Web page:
it must be listed for outdoor operation and temperature limits. egress stations in access control systems. In addition. These types are less susceptible to accidental activation. the pull station must be designed and installed to meet the American’s with Disabilities Act where applicable. Most manual station manufactures can provide the specialized devices for the specific applications. The operable part of the pull station must be mounted between 3. In addition. The covers offer a large number of options including horns and seals. In addition. the National Fire Alarm Code. Most pull stations are the single action type in which a single pull down activates the device. In addition to only using fire alarm pull stations for fire alarm systems. 21 . nurse calls as well as many other specialized applications. how to install them and the stipulations for installing.5 feet and 4. The building codes will indicate the exact requirements for the location of pull stations within a building. the weatherproof covers allow a regular pull stations to be installed in areas that ordinarily would not be suitable. special hazard manual stations are manufactured for intrinsically safe environments. These applications cannot use a standard fire alarm pull station. MAXIMUM OF 5’ OPERABLE PART 3 1/2’ TO 4 1/2’ FROM FLOOR DWG# 55-10 Manual pull stations are the only fire alarm devices required to be red in color. In addition. the device must be securely mounted to prevent damage and false activation. Pull stations are available in a number of configurations that prevent accidental operation. If a pull station is installed in an outdoor or wet environment. These devices are required to be marked with the word “FIRE” to indicate the purpose of the manual station. The pull station must be installed where indicated by the Authority Having Jurisdiction. These devices are only to be used as a manual fire alarm initiation device or suppression system activation device. there should not be more than 200 feet of travel distance between pull stations when required throughout a building. The pull station must be conspicuously located and contrasted so they are easy to locate. Pull stations should be located within 5 feet of each egress on each floor. the device must be tested and listed for that application. the manual station need to be listed with the area being installed. Other manual stations are available for ancillary building functions such as emergency notification. Break glass stations or covers are other options that are also available to eliminate the malicious and accidental alarms.5 feet from the floor. These types are very prone to malicious and accidental activation. A minimum of one manual station or pull station is required to be installed anytime a fire alarm or monitored sprinkler system is installed. In addition.Advanced Fire Training • 8700055 • Rev E • 6/09 Manual Alarm Stations The building code sets the requirements for where pull stations are required. If a pull station is installed outdoors. usually a push then pull or a lift and pull. Pull stations must be installed according to NFPA 72. Most pull stations are available in a dual action model that requires two actions to activate.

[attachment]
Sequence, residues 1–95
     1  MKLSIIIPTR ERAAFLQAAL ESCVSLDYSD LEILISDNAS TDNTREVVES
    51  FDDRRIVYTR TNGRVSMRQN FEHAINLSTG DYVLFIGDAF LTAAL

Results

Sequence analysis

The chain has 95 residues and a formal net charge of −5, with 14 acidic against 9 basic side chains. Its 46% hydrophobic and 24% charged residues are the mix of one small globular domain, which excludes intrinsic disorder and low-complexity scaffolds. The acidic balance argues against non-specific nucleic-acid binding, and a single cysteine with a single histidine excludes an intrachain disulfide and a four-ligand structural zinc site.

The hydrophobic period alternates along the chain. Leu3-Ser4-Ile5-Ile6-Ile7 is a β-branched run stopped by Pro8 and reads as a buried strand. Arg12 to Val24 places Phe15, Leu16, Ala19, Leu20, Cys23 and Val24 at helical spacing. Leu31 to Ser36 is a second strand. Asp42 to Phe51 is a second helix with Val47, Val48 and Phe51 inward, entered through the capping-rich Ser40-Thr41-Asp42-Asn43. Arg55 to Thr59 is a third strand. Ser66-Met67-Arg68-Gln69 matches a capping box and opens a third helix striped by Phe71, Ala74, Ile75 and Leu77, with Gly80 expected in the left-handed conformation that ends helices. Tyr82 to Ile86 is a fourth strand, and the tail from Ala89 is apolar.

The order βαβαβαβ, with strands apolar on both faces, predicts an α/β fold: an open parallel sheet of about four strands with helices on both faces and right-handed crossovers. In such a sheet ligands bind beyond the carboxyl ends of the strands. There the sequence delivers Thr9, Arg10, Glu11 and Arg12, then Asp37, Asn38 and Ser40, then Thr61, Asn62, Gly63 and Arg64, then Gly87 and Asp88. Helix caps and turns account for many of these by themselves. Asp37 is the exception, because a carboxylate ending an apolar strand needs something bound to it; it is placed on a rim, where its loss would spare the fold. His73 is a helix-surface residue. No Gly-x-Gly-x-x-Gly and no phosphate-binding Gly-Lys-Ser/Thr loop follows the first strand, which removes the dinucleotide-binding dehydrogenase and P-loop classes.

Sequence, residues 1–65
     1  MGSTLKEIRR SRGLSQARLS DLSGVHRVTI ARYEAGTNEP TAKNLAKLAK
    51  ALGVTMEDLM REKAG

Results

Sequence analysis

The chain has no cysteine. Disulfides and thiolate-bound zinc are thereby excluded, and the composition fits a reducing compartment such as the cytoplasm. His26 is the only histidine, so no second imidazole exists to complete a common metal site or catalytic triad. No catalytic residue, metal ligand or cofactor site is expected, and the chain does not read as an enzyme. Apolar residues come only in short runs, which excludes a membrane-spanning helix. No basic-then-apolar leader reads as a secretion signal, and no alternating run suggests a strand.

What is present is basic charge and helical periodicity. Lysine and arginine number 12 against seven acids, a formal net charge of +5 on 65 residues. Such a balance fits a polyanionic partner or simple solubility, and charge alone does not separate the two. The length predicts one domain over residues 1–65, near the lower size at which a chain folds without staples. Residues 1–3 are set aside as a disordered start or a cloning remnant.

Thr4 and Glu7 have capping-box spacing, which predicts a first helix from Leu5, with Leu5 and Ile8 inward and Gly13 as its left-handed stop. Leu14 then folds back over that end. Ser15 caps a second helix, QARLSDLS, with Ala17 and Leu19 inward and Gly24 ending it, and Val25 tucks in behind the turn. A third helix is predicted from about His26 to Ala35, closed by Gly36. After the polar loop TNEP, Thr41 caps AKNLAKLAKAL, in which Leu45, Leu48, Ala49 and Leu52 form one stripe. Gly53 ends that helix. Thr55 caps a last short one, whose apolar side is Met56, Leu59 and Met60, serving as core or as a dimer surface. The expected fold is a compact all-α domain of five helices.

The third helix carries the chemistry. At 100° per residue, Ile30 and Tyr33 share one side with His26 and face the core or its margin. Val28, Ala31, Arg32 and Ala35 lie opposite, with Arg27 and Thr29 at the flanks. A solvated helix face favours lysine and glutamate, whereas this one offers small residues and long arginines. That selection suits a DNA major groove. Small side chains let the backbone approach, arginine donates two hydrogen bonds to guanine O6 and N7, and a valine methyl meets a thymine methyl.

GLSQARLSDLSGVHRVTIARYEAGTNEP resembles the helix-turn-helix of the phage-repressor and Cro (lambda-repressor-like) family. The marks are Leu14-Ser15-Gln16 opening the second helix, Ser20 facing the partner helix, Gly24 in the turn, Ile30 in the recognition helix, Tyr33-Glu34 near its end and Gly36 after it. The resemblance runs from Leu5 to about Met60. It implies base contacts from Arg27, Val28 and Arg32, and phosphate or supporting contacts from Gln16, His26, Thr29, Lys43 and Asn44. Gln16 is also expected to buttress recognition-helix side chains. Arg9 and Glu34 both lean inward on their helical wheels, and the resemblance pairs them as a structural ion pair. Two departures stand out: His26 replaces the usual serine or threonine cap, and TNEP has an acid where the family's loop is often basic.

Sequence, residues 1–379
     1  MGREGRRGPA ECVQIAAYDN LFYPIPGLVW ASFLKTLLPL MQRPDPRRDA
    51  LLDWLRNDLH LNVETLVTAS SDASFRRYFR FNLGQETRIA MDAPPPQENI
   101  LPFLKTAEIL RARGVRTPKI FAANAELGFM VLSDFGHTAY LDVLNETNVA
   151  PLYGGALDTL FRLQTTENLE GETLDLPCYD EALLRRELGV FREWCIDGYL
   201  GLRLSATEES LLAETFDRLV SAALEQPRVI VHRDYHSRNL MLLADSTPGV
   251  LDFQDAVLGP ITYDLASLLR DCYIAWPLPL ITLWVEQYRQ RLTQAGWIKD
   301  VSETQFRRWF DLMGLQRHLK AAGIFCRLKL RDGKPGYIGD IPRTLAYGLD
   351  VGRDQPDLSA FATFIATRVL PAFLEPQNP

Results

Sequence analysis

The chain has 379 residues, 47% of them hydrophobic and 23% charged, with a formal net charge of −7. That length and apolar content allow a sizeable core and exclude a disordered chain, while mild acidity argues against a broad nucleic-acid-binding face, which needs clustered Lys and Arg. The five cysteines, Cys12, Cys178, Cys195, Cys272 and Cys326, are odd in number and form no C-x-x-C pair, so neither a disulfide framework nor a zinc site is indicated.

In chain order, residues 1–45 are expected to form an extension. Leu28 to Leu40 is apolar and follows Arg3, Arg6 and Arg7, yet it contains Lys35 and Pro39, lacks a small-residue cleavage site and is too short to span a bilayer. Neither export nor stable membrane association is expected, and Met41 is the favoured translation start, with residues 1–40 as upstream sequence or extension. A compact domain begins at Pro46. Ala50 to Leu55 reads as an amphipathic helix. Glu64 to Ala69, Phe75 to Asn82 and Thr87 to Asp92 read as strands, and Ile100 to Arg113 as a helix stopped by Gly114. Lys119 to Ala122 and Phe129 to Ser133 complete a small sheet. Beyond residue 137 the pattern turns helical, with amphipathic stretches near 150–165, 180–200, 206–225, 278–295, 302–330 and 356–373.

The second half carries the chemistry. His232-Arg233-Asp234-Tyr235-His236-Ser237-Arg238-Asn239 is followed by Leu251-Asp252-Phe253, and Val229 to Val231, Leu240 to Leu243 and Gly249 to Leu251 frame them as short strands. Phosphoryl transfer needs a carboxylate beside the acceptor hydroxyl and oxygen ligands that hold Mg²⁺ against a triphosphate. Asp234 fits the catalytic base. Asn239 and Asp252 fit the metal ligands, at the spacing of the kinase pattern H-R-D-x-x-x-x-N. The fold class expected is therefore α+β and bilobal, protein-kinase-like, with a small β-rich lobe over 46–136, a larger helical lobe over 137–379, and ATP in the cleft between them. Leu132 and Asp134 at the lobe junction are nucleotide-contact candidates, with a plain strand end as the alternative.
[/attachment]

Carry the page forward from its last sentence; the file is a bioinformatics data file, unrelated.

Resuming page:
AHJ or other governing code or standard determines the requirements for occupant notification. Most audible devices indicate the sound pressure level at ten feet (XdB at 10 ft). bells and strobes. 22 . The level of loudness is a measurement of sound pressure and that measurement is decibels or 1/10 bell. Each installation is individual and will require specific evaluation. The early notification consisted primarily of bells or sirens. the device must be loud enough to be heard. The decibels are expressed as dBA. Audible Notification Audible notification has historically been used as a notification of fire. the required equipment shall be installed in accordance with the enforced version of NFPA 72. Usually. the graphic displays are located near the front entrance to the building and provide a complete view of the building with alarm points. An advantages of audible devices is that they have a low power draw therefore a circuit can have numerous devices connected to it. Often. annunciators. Once the notification requirement is determined by the appropriate source. Visual indicators are accomplished through the use of flashing strobe lights. a rotating beacon is used for outdoor installations for warning on large industrial and commercial complexes. The Average Ambient Sounds levels are given below and only considered a guide.Advanced Fire Training • 8700055 • Rev E • 6/09 Notification Audible and Visual Notification Appliances The building code. visual only or both. This measurement is required to be 5 feet (1. Authorities Having Jurisdiction will require the annunciators and graphic displays. Almost all installations require the use of audible signals through horns. When the notification appliances are required. In order for audible devices to alert the building occupants. However. In some instances. The measurement in sleeping areas is required to be measured at the pillow level.5 M) off of the floor. remote annunciators will be located near the entrance where the emergency forces will enter the building. alarm printers. textual displays and graphic displays. Some authorities require that the annunciators utilize light emitting diodes (LEDs) and other will allow liquid crystal displays (LCDs). the standby batteries must be of sufficient size to power the panel in both a standby and alarm condition. The A weighting adjustment corrects for this so that the loudness at different frequencies can be heard. Generally. Building codes call for the installation of voice evacuation systems. This measurement of decibels has been adjusted to account for the manner in which the human ear perceives different frequencies in particular the way high-pitched (high frequency) sounds are heard better than low-pitched (low frequency) sounds. Insurance providers and certifying entities will usually require the alarm printers. notification is considered as horns. Refer to the fire alarm control panel installation instructions for further guidance on notification circuits. The standard dictates where and how these devices are installed. However. some cases exist that require visual indicators. In addition. The sound level is required to be at least 15 dBA above the average or normal sound level or 5 dBA above the maximum sound level that lasts at least one minute. This notification could be audible only. bells or chimes. calculations must be performed to ensure that the panel’s notification circuit will power all of the devices. notification also includes voice evacuation systems.